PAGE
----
Benedito de Espinoza was born on 24 November 1632 in the Jodenbuurt in Amsterdam, Netherlands. He was the second son of Miguel de Espinoza, a successful, although not wealthy, Portuguese Sephardic Jewish merchant in Amsterdam. His mother, Ana Débora, Miguel's second wife, died when Baruch was only six years old. Spinoza's mother tongue was Portuguese, although he also knew Hebrew, Spanish, Dutch, perhaps French, and later Latin. Although he wrote in Latin, Spinoza learned the language only late in his youth.
Spinoza adopted the Latin name Benedictus de Spinoza, began boarding with Van den Enden, and began teaching in his school. Following an anecdote in an early biography by Johannes Colerus, he is said to have fallen in love with his teacher's daughter, Clara, but she rejected him for a richer student. (This story has been discounted on the basis that Clara Maria van den Enden was born in 1643 and would have been no more than about 18 years old when Spinoza left Amsterdam. In 1671 she married Dirck Kerckring.)
Leo Strauss dedicated his first book, Spinoza's Critique of Religion, to an examination of the latter's ideas. In the book, Strauss identified Spinoza as part of the tradition of Enlightenment rationalism that eventually produced Modernity. Moreover, he identifies Spinoza and his works as the beginning of Jewish Modernity. More recently Jonathan Israel argued that, from 1650 to 1750, Spinoza was "the chief challenger of the fundamentals of revealed religion, received ideas, tradition, morality, and what was everywhere regarded, in absolutist and non-absolutist states alike, as divinely constituted political authority."
In 1653, at age 20, Spinoza began studying Latin with Francis van den Enden (Franciscus van den Enden), a notorious free thinker, former Jesuit, and radical democrat who likely introduced Spinoza to scholastic and modern philosophy, including that of Descartes. (A decade later, in the early 1660s, Van den Enden was considered to be a Cartesian and atheist, and his books were put on the Catholic Index of Banned Books.)
After his father's death in 1654, Spinoza and his younger brother Gabriel (Abraham) ran the family importing Business. The Business ran into serious financial difficulties, however, perhaps as a result of the First Anglo-Dutch War. In March 1656, Spinoza filed suit with the Amsterdam municipal authorities to be declared an orphan in order to escape his father's Business debts and so that he could inherit his mother's estate (which at first was incorporated into his father's estate) without it being subject to his father's creditors. In addition, after having made substantial contributions to the Talmud Torah synagogue in 1654 and 1655, he reduced his December 1655 contribution and his March 1656 pledge to nominal amounts (and the March 1656 pledge was never paid).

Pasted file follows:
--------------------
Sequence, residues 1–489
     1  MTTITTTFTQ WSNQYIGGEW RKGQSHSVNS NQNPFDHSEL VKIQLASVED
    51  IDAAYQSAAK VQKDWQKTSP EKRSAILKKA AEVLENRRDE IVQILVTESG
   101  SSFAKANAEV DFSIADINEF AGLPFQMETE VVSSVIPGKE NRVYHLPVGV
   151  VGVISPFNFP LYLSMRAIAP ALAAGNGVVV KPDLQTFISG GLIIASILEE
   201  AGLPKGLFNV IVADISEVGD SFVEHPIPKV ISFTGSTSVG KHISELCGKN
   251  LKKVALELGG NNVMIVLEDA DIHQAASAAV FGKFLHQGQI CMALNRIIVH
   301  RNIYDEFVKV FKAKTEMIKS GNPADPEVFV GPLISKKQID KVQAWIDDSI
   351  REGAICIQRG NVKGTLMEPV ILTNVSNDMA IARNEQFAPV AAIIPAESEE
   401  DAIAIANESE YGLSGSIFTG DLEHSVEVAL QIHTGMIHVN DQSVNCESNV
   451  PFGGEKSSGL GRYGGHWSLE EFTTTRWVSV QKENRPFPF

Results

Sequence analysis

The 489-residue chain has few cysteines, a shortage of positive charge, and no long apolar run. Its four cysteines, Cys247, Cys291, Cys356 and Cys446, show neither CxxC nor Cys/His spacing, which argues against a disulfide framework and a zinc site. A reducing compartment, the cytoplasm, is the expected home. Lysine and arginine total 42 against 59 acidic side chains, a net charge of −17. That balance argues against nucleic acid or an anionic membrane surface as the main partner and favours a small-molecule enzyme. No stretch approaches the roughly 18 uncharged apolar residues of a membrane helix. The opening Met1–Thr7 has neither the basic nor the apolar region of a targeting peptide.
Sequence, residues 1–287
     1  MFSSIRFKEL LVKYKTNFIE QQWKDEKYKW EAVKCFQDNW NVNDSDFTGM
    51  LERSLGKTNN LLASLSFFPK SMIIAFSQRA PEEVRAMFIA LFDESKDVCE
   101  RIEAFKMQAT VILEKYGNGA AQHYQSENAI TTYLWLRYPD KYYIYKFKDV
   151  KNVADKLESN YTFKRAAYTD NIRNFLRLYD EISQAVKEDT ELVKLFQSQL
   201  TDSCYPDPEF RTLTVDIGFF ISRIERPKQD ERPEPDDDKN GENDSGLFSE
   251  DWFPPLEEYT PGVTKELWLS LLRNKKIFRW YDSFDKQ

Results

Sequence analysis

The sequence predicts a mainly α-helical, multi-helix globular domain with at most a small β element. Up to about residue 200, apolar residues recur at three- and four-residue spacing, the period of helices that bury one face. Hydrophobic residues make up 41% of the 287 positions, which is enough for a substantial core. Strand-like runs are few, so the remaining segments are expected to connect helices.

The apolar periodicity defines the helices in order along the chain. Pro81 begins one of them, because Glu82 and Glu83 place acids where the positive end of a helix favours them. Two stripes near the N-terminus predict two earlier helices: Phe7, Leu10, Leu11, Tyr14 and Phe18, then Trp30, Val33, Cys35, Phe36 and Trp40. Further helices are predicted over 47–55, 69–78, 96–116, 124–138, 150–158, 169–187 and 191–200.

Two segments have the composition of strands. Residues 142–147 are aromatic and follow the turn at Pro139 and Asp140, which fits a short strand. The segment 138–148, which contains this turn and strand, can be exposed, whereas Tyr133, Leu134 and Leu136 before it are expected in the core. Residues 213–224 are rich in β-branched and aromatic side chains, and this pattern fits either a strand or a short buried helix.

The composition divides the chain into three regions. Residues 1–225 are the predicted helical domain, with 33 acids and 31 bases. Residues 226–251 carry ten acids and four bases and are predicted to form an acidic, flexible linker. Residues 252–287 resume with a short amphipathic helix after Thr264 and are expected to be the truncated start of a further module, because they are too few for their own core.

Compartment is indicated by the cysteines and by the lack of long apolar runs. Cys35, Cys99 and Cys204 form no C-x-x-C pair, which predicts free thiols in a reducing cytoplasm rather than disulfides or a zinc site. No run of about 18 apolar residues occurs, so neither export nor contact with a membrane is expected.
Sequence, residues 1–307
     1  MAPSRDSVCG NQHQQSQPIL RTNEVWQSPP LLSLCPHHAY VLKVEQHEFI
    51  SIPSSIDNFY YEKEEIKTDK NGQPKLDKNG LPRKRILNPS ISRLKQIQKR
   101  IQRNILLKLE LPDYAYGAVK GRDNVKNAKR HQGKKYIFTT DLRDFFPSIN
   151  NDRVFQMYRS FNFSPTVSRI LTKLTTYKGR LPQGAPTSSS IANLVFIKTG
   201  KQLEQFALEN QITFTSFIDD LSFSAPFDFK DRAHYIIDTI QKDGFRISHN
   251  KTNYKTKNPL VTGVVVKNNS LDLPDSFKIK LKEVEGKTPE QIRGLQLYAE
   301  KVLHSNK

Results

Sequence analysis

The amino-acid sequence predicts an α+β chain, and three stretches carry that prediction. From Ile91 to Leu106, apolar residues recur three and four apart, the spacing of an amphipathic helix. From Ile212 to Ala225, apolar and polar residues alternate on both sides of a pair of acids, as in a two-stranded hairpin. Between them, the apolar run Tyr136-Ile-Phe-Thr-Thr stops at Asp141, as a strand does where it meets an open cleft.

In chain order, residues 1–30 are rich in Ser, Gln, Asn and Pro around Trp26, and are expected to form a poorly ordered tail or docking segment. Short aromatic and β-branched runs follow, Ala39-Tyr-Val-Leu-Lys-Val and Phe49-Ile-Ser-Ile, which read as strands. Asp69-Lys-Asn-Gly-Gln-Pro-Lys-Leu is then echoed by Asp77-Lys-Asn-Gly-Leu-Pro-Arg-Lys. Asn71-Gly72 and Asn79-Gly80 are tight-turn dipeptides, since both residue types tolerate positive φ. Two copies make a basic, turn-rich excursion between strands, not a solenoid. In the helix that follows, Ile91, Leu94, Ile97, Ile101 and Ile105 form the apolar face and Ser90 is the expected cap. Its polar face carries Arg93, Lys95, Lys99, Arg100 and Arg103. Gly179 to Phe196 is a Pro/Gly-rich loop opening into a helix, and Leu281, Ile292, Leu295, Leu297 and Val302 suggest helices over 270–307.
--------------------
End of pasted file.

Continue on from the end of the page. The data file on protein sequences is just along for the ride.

Third, it appears likely that Spinoza had already taken the initiative to separate himself from the Talmud Torah congregation and was vocally expressing his hostility to Judaism itself. He had probably stopped attending services at the synagogue, either after the lawsuit with his sister or after the knife attack on its steps. He might already have been voicing the view expressed later in his Theological-Political Treatise that the civil authorities should suppress Judaism as harmful to the Jews themselves. Either for financial or other reasons, he had in any case effectively stopped contributing to the synagogue by March 1656. He had also committed the "monstrous deed," contrary to the regulations of the synagogue and the views of some rabbinical authorities (including Maimonides), of filing suit in a civil court rather than with the synagogue authorities—to renounce his father's heritage, no less. Upon being notified of the issuance of the censure, he is reported to have said: "Very well; this does not force me to do anything that I would not have done of my own accord, had I not been afraid of a scandal." Thus, unlike most of the censure issued routinely by the Amsterdam congregation to discipline its members, the censure issued against Spinoza did not lead to repentance and so was never withdrawn.